Forum for Science, Industry and Business

Sponsored by:     3M 
Search our Site:

 

Single nucleotide polymorphisms and forensic genetics, maybe not such a perfect combination

21.10.2004


Forensic genetics is the branch of genetics that, through DNA analysis and comparison, deals with the resolution of legal problems such as paternity tests. Recently, it has been proposed that single nucleotide polymorphisms (SNPs) could be used as a new genetic marker in the field eventually even replacing the methods/markers now employed. But in an article just published online in Forensic Science International, a team of scientists challenges the effectiveness of SNPs in kinship studies predicting an increase in inconclusive cases when these markers are used.

In forensic genetics, DNA samples are analysed through the comparison of particular DNA sequences unique to each individual. In fact, although more than 99% of the genome is the same across the human population, variations in DNA sequence called polymorphisms can be used to both differentiate and correlate individuals.

Short Tandem Repeats (STRs) are the genetic markers most commonly used in this moment by forensic scientists. STRs consist of repetitive segments of DNA two to five nucleotides (DNA building blocks) length found throughout the genome with different individuals having different STRs combinations.



Recently however, another type of genetic marker called SPNs (single nucleotide polymorphisms), which consists in DNA sequence variations that result from alterations in a single nucleotide in the genome sequence, has been considered to replace STRs in forensic investigations. SNPs seem to have several advantages over STRs as not only they are a more stable genetic marker and so are less likely to be lost across generations which is crucial in paternity cases, but they are also cheaper, easier and faster to examine and need much smaller DNA samples.

But now António Amorim and Luísa Pereira at IPATIMUP (Institute of Pathology and Molecular Immunology, Porto University, Portugal) and the Faculty of Sciences of the same university show that SNPs analysis can also have some problems. In fact, the two scientists used statistic simulations to compare STRs and SNPs effectiveness in kinship studies and reached the unexpected conclusion that the possibility of inconclusive results is much higher when using SNPs. Amorim and Pereira’s work question the validity of SNP polymorphisms sole use in routine paternity investigations and raise the need for a proper assessment of this technique before any decisions are make.

Piece researched and written by: Catarina Amorim (catarina.amorim@linacre.ox.ac.uk)

Catarina Amorim | EurekAlert!
Further information:
http://www.sciencedirect.com/

More articles from Life Sciences:

nachricht Topologische Quantenchemie
21.07.2017 | Max-Planck-Institut für Chemische Physik fester Stoffe

nachricht Topological Quantum Chemistry
21.07.2017 | Max-Planck-Institut für Chemische Physik fester Stoffe

All articles from Life Sciences >>>

The most recent press releases about innovation >>>

Die letzten 5 Focus-News des innovations-reports im Überblick:

Im Focus: Manipulating Electron Spins Without Loss of Information

Physicists have developed a new technique that uses electrical voltages to control the electron spin on a chip. The newly-developed method provides protection from spin decay, meaning that the contained information can be maintained and transmitted over comparatively large distances, as has been demonstrated by a team from the University of Basel’s Department of Physics and the Swiss Nanoscience Institute. The results have been published in Physical Review X.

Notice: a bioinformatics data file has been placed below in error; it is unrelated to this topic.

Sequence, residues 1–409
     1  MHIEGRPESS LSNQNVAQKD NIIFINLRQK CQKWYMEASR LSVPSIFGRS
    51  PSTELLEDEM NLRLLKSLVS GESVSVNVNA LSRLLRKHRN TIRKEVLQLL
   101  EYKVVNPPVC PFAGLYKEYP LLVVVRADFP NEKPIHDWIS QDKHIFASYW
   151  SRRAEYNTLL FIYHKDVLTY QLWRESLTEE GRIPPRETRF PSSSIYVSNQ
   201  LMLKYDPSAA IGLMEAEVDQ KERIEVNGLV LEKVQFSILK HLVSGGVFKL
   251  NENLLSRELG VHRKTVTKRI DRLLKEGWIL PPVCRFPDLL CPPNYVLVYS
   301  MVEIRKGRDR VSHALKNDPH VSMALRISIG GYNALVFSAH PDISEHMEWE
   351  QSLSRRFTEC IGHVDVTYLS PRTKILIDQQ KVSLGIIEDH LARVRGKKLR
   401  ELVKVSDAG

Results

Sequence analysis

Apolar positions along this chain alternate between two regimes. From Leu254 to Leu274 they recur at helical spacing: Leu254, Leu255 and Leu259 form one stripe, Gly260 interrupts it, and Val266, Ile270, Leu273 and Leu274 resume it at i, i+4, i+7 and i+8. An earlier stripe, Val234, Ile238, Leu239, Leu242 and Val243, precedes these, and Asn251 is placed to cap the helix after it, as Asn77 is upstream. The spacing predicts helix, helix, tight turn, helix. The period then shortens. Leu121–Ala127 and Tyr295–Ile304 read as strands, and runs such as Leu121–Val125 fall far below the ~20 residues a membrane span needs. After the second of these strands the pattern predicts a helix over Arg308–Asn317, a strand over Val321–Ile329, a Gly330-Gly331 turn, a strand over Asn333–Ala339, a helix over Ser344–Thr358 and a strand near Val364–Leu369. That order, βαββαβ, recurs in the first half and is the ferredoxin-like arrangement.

For several years, researchers have been trying to use the spin of an electron to store and transmit information. The spin of each electron is always coupled...

Im Focus: The proton precisely weighted

What is the mass of a proton? Scientists from Germany and Japan successfully did an important step towards the most exact knowledge of this fundamental constant. By means of precision measurements on a single proton, they could improve the precision by a factor of three and also correct the existing value.

To determine the mass of a single proton still more accurate – a group of physicists led by Klaus Blaum and Sven Sturm of the Max Planck Institute for Nuclear...

Im Focus: On the way to a biological alternative

A bacterial enzyme enables reactions that open up alternatives to key industrial chemical processes

The research team of Prof. Dr. Oliver Einsle at the University of Freiburg's Institute of Biochemistry has long been exploring the functioning of nitrogenase....

Im Focus: The 1 trillion tonne iceberg

Larsen C Ice Shelf rift finally breaks through

A one trillion tonne iceberg - one of the biggest ever recorded -- has calved away from the Larsen C Ice Shelf in Antarctica, after a rift in the ice,...

Im Focus: Laser-cooled ions contribute to better understanding of friction

Physics supports biology: Researchers from PTB have developed a model system to investigate friction phenomena with atomic precision

Friction: what you want from car brakes, otherwise rather a nuisance. In any case, it is useful to know as precisely as possible how friction phenomena arise –...

All Focus news of the innovation-report >>>

Anzeige

Anzeige

Event News

Closing the Sustainability Circle: Protection of Food with Biobased Materials

21.07.2017 | Event News

»We are bringing Additive Manufacturing to SMEs«

19.07.2017 | Event News

The technology with a feel for feelings

12.07.2017 | Event News

 
Latest News

NASA looks to solar eclipse to help understand Earth's energy system

21.07.2017 | Earth Sciences

Stanford researchers develop a new type of soft, growing robot

21.07.2017 | Power and Electrical Engineering

Vortex photons from electrons in circular motion

21.07.2017 | Physics and Astronomy

VideoLinks
B2B-VideoLinks
More VideoLinks >>>